Beirut to Tripoli About to be married couple, getting pictures out of the way; I love her outfit and colors
About to be married couple, getting pictures out of the way; I love her outfit and colors, She is very beautiful also 🙂

We then visited another old church nearby, the Mar Gerges (St George’s) church, which had strange music (sounded almost Chinese to me) being played inside it to an empty chamber; check out the video below

We stopped at Le Garage for their famous lemonade; this was a small family run restaurant, which was quiet that hot afternoon. We talked with the owner and he explained that he was a Maronite Christian, and that John Maron had started this church many years ago in northern Syria, and that Maron had fled prosecution in Syria with his followers, to Lebanon, where there is a thriving Maronite population.

Beirut to Tripoli Lemonade stop
Lemonade stop
Beirut to Tripoli interesting architecture
Interesting architecture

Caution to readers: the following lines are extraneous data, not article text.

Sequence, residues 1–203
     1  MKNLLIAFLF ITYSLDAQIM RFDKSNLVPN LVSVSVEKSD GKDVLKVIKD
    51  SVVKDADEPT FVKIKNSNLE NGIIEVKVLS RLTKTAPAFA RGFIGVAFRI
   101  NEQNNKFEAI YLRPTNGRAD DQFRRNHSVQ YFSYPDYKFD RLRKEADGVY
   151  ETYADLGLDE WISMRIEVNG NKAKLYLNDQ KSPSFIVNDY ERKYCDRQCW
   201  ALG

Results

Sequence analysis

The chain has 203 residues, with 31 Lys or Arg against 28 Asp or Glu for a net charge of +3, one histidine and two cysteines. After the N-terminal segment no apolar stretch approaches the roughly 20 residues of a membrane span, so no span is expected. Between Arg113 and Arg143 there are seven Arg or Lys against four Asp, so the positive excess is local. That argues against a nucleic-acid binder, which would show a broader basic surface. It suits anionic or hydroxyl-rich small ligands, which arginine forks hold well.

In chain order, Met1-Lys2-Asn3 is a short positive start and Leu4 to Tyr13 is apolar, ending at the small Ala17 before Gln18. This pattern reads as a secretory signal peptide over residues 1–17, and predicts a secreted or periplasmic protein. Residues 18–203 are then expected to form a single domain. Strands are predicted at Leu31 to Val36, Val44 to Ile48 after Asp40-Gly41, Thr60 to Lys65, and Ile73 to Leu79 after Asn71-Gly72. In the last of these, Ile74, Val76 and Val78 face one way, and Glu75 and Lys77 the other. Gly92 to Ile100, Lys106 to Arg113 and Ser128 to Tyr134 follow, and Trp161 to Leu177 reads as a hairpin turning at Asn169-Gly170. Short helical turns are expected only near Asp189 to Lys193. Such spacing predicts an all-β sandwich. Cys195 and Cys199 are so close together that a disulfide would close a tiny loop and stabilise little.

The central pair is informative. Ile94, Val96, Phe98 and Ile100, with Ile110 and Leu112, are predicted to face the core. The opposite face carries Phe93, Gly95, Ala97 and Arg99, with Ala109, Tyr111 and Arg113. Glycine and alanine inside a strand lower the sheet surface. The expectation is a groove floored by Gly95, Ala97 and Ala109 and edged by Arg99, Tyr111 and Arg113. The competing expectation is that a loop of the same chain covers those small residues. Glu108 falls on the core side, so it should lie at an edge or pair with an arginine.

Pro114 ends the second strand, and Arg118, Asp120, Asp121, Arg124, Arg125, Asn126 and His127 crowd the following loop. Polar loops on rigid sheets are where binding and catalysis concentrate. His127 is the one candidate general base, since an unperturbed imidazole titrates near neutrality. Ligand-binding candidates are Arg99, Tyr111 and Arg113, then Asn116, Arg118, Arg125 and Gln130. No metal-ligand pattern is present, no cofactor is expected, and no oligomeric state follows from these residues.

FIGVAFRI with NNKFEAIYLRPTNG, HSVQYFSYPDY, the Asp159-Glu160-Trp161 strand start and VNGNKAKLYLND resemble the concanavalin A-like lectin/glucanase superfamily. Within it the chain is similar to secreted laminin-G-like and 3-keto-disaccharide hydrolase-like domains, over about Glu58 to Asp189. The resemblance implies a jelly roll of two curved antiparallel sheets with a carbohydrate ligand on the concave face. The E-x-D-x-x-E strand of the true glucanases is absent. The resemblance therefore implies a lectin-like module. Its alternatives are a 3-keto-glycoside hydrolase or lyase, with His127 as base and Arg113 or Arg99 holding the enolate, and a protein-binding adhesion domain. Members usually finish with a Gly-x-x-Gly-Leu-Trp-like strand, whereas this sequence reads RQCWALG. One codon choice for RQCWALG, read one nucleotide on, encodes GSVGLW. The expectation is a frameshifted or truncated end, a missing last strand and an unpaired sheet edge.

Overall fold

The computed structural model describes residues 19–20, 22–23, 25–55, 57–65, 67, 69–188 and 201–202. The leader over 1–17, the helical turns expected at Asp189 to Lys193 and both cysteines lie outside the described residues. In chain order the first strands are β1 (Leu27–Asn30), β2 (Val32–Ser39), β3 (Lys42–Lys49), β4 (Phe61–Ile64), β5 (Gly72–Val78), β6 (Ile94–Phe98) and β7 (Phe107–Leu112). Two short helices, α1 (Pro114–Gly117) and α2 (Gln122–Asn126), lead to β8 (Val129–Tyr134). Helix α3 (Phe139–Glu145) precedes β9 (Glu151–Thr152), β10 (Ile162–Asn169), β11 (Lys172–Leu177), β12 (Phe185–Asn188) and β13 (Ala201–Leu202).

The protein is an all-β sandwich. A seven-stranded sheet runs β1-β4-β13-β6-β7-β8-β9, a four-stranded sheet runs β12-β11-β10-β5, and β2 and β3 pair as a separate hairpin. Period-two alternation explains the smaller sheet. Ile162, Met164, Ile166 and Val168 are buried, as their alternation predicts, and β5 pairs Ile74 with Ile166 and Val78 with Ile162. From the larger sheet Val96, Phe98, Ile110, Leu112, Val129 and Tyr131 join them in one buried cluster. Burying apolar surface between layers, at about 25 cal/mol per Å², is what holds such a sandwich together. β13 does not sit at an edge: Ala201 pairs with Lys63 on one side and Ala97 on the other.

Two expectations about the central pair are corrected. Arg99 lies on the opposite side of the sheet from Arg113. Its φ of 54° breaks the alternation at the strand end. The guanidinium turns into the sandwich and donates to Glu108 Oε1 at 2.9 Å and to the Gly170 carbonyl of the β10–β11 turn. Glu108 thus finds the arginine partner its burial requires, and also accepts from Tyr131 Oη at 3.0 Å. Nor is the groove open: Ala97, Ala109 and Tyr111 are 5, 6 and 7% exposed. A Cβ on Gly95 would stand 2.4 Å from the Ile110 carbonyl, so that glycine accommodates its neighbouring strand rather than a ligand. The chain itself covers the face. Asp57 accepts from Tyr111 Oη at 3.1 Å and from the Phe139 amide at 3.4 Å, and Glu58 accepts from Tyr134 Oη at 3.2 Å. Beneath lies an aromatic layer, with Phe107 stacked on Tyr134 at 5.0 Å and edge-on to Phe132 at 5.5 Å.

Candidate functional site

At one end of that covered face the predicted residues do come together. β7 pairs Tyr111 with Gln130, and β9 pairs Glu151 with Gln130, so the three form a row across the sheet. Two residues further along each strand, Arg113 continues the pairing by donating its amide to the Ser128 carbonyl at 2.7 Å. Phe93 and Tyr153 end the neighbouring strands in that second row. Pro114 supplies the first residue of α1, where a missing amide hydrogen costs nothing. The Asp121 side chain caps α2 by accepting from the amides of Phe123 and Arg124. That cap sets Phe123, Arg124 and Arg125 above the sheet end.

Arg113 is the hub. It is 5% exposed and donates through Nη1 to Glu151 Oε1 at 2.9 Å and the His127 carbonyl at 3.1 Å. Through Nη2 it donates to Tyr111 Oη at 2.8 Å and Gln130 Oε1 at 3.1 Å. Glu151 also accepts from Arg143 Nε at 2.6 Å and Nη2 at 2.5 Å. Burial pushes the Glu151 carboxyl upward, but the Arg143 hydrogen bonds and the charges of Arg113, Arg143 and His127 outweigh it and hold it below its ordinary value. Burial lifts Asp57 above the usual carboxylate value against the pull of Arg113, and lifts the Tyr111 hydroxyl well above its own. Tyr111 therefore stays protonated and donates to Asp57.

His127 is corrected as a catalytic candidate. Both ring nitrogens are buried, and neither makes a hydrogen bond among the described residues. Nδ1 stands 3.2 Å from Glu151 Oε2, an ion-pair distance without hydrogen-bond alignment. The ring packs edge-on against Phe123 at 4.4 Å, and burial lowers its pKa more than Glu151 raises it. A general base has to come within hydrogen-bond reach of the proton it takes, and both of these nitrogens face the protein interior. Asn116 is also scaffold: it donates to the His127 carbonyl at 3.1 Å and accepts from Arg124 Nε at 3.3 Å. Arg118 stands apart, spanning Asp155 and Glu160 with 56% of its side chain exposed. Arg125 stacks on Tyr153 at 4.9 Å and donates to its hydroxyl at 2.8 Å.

Late lunch was at Chef Georges Seafood kitchen, recommended by the owner of Le Garage, where we had a couple of seafood pita sandwiches; very nice and delicious sandwiches.

Beirut to Tripoli Chef George’s Sea Food Kitchen
Chef George’s Sea Food Kitchen

As we went back to our car, we came across several Ethiopian women, all wearing white headscarves, who told us that there were “too many” Ethiopians in Batroun, and that they were on their way to church, which happened to be the St George’s church we had been to earlier with the strange Chinese type music. We went with them and the church was now filled with Ethiopian women, every one of them wore the white scarf covering their hair. They had their service using an ancient Aramaic language with singing and drums. Very interesting.

It was time to keep moving towards Tripoli. We got back onto the coastal highway.

Beirut to Tripoli Coastal highway towards Tripoli
Coastal highway towards Tripoli
Beirut to Tripoli Light at the end of the tunnel
Light at the end of the tunnel
Beirut to Tripoli Outskirts of Tripoli
Outskirts of Tripoli
Beirut to Tripoli City of Tripoli, and bathers enjoying the sea from the flat rocks in the water
City of Tripoli, and bathers enjoying the sea from the flat rocks in the water

We drove into Tripoli, and onto the port area or El Mina. El-Mina is the site of the ancient city of Tripolis that dates back to the Phoenician era, and is one of Lebanon’s oldest cities, alongside Byblos, Tyre, and Sidon. The site of Tripolis moved inland after the Islamic reconquest from the crusaders, and today’s El-Mina became the harbor district of greater Tripoli. We had booked to stay at the Saint Francis Convent, an 800 year old order.